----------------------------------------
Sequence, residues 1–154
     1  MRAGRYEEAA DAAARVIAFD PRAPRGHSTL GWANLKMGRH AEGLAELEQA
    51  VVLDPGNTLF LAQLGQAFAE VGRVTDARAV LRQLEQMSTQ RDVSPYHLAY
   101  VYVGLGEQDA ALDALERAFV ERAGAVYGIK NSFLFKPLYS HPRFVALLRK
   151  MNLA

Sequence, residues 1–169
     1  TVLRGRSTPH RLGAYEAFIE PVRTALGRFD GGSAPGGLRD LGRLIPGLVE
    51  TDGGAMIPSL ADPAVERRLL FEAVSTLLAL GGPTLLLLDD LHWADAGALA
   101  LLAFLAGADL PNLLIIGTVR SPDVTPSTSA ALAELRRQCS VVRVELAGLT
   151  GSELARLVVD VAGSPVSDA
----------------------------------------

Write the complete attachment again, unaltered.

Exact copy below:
Sequence, residues 1–154
     1  MRAGRYEEAA DAAARVIAFD PRAPRGHSTL GWANLKMGRH AEGLAELEQA
    51  VVLDPGNTLF LAQLGQAFAE VGRVTDARAV LRQLEQMSTQ RDVSPYHLAY
   101  VYVGLGEQDA ALDALERAFV ERAGAVYGIK NSFLFKPLYS HPRFVALLRK
   151  MNLA

Sequence, residues 1–169
     1  TVLRGRSTPH RLGAYEAFIE PVRTALGRFD GGSAPGGLRD LGRLIPGLVE
    51  TDGGAMIPSL ADPAVERRLL FEAVSTLLAL GGPTLLLLDD LHWADAGALA
   101  LLAFLAGADL PNLLIIGTVR SPDVTPSTSA ALAELRRQCS VVRVELAGLT
   151  GSELARLVVD VAGSPVSDA